Ten years to virtually the moment former running back Giovani Bernard entered the NFL as a second-round draft pick, he went out as classy as he came in when one of the most productive Bengals ever announced his retirement before Friday's second round.
Then he went to the beach with wife Chloe and 16-month-old son Julian, enjoying the fruits of staying home in his native South Florida instead of getting ready for another round of OTAs.
"To be able to get out of it healthy, to get out of it with my mind sharp, my body feels good and I chugged it out to (year) ten," Bernard said. "I'm excited to get to the next phase."
The next phase is pretty much an expansion of the old as he looks to build on his real estate holdings.
"One hundred percent," said Bernard, when he was asked if he was shooting for any symmetry with the draft day of retirement. "People talk about it as a life-changing experience. But for me it was a moment of gratitude.
"One, I had no idea what to expect. To go as high as I did, I'm not going to say it was a shock, but it was like, 'Wow, they think really highly of me.' It's more about gratitude than the whole change of life thing. I'm sure grateful to those people that gave me those opportunities and I met a lot of really, really damn good people."
When Bernard got back from visiting the Bengals a few weeks before the draft, he sent club president Mike Brown, head coach Marvin Lewis and running back coach Hue Jackson thank you notes. The son of Haitian immigrants whose mother died when he was seven, Bernard wasn't your typical prospect. He had overcome poverty and virtual homelessness to star at St. Thomas Aquinas High School near his hometown of Boca Raton, Fla., before winning the Brian Piccolo Award as the ACC's most courageous player when he rebounded from a torn ACL while playing at North Carolina.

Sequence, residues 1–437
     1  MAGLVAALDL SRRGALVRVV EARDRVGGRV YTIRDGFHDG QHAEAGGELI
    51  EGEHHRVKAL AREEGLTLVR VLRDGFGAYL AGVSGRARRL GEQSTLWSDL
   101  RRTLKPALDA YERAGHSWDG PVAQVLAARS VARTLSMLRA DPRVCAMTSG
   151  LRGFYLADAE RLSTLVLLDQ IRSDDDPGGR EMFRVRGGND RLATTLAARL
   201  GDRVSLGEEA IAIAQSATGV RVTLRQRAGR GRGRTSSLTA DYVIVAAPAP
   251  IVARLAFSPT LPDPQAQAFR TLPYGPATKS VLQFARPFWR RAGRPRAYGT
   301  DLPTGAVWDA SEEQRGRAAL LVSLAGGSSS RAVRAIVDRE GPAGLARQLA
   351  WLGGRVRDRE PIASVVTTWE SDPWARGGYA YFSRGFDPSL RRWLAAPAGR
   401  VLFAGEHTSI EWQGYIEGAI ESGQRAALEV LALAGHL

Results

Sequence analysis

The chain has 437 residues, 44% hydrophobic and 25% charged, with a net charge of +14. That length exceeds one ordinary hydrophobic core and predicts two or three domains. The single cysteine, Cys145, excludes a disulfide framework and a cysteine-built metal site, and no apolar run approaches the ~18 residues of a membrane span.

He offered another thank you note ten years later.
See the best photos of 2013 Bengals draft pick Giovani Bernard as he retires from the NFL.
"I'd probably write it to the whole Brown family," Bernard said. "Every time I crossed paths with them in the hallway or saw them, I never felt like I was just a player. I know it sounds crazy. People say it's a business and all that, but I never felt like I wasn't part of that family. For them to show that kind of love to a player they drafted and for them to keep me as long as they did, I've got the utmost respect for that family. They changed my life by giving me this opportunity. I'm grateful for that entire family up there and how they run their business."
The 5-9, 205-pound Bernard, 31, had some electrifying plays racking up the 10th most scrimmage yards in Bengals history in eight seasons in Cincinnati before he finished his career the final two years in Tampa Bay. He broke James Brooks' club record for most career catches by a running back and when Joe Mixon caught 60 balls last season it broke Bernard's single-season record for catches by a back.
But the image of him fending off blitzing Ravens linebackers in the raucous fourth quarter Andy Dalton found A.J. Green for two touchdowns in a 2015 come-from-behind win in Baltimore is his defining image as a player. Like his father lost and regained his dry cleaning business, Bernard clawed to win.
"I wasn't that vocal person, but every time I got put in that vocal moment I would hope the guys would listen, but I was just a scrappy guy," Bernard said. "I would flip the switch. Maybe not as much as the Vontaze Burfict switch, but I would flip the switch and become a different person on the field. The energy and passion would come out and people would say after the game, 'Wow, I never saw that side of you pushing and shoving another person.' … I hope everyone knows I was a scrappy kind of guy."
They know. Consider it their own thank you note.